“I’m interested in making money. Why would I want to own a sustainable fund?” one investor asked.
“Isn’t sustainable investing just a way of making a political statement?” another said.
These are some of the common questions we’ve heard about sustainable investing, and we’ve shared our answers below:
Question #1: Why would I invest in a sustainable investing fund?
A: The simple answer is that sustainable investing is an opportunity to make money: many studies have demonstrated a connection between environmental, social and governance, known as ESG, and corporate financial performance.
Sustainable investing also has the potential to help mitigate risk. A company with a poor environmental record, for instance, may be more likely to face fines and lawsuits that could really hurt its bottom line. A 2015 CFA Institute survey found that 63% of advisors who consider ESG issues do so “to help manage investment risks.” Morningstar reported that funds with better sustainability ratings tend to have low volatility (“Higher Sustainability Ratings Can Mean Lower Risk”, October 13 2016).
Sustainable investing can also help you to support the issues that matter to you and make a positive impact on the world.
It’s one of the fastest growing investment areas, and according to the U.S. Forum on Sustainable Investing (USSIF), it accounts for one in every five investment dollars under professional management in the U.S.
Question #2: What makes a fund sustainable?
A: Sustainable investing covers a wide range of important issues that can be grouped into three broad categories: environmental, social and governance (ESG).
Some funds self-identify as sustainable responsible impact or socially responsible investing (SRI) funds. These funds invest in companies that have strong E, S or G practices depending on the mandate of the fund. Many SRI funds also actively engage with companies and use their voice and votes as shareholders to change a company for the better.
Recently developed ESG fund ratings have identified many ‘undiscovered’ sustainable funds: these funds own companies with good environmental, social and governance (ESG) policies even though they aren’t required to invest in these companies.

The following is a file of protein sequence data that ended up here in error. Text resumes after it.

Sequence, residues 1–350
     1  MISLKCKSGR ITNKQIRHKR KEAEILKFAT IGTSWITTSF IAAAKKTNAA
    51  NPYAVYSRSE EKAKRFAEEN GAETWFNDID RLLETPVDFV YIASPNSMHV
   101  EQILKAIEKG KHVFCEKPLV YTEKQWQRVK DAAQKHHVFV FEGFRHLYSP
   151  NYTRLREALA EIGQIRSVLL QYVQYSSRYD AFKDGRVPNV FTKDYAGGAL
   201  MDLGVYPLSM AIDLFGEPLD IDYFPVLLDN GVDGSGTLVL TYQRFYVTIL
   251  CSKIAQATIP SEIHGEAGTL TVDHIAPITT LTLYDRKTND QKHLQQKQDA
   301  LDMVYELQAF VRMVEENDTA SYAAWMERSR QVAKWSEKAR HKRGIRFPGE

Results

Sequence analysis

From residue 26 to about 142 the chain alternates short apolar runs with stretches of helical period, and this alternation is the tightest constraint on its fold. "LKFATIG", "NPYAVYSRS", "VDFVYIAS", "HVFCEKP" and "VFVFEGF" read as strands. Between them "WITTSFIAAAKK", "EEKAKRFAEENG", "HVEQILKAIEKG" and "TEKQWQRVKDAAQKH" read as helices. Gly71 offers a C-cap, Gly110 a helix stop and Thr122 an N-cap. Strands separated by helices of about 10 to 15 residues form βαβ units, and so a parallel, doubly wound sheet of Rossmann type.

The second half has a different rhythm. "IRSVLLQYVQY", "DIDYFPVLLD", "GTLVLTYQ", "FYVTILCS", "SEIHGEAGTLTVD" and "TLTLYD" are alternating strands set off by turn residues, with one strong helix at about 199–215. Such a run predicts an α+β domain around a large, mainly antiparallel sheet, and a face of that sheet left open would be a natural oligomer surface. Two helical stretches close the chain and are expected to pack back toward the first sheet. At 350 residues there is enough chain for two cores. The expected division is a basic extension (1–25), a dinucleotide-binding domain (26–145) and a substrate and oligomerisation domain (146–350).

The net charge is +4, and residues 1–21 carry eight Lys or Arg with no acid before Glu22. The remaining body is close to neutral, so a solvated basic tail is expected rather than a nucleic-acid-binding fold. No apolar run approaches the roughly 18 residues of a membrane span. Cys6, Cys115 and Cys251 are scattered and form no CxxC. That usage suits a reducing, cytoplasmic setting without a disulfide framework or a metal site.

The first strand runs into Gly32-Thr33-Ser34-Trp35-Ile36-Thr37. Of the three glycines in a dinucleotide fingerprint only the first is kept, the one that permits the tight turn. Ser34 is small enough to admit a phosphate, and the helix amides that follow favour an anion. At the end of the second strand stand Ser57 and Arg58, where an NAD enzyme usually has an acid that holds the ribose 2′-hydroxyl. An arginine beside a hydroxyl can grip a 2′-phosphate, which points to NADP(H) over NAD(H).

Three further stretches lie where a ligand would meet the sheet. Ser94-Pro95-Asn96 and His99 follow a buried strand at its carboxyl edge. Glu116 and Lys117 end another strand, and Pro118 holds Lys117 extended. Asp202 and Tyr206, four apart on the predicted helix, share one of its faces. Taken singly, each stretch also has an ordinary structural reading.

Question #3: Isn’t sustainable investing just a way of making a political statement?
A. No. Many people see sustainable investing as a way to support the issues that matter to them, and these issues tend to cross the political spectrum. For instance, most of us can agree that it’s good for everyone to develop new treatments or cures for disease; reduce toxins in children’s products; have clean water and sanitation; and make sure companies keep our personal information secure.
Question #4: Won’t sustainable investing suffer from Trump’s policies?
A. Government policies are just one way to bring about change. These days, big changes are coming from corporations, largely driven by consumer demand and markets.
Many companies have found that environmental, social and governance issues are good for business. Major corporations like Apple, Walmart, Proctor & Gamble, Nestle and General Electric, stated that they will keep their commitments to address climate change, despite changing environmental regulations.
Investors also have a say in how a company operates. Shareholders use their power to hold executives accountable on executive pay; they also push companies to address the risks of climate change and advocate for safer products. This kind of shareholder engagement may be particularly important as the Trump administration rolls back regulations.
Sustainable investing lets you vote with your investments to support policies you agree with and minimize investment in areas you oppose.
Question #5: Can a fund actually make a difference in the world?
A. Yes. Fund companies have had many successes. In the 1980s, sustainable fund companies were part of the movement to divest from South Africa during apartheid. In the 1990s, they worked with global retailers like Nike and The Gap to improve working conditions in their overseas factories.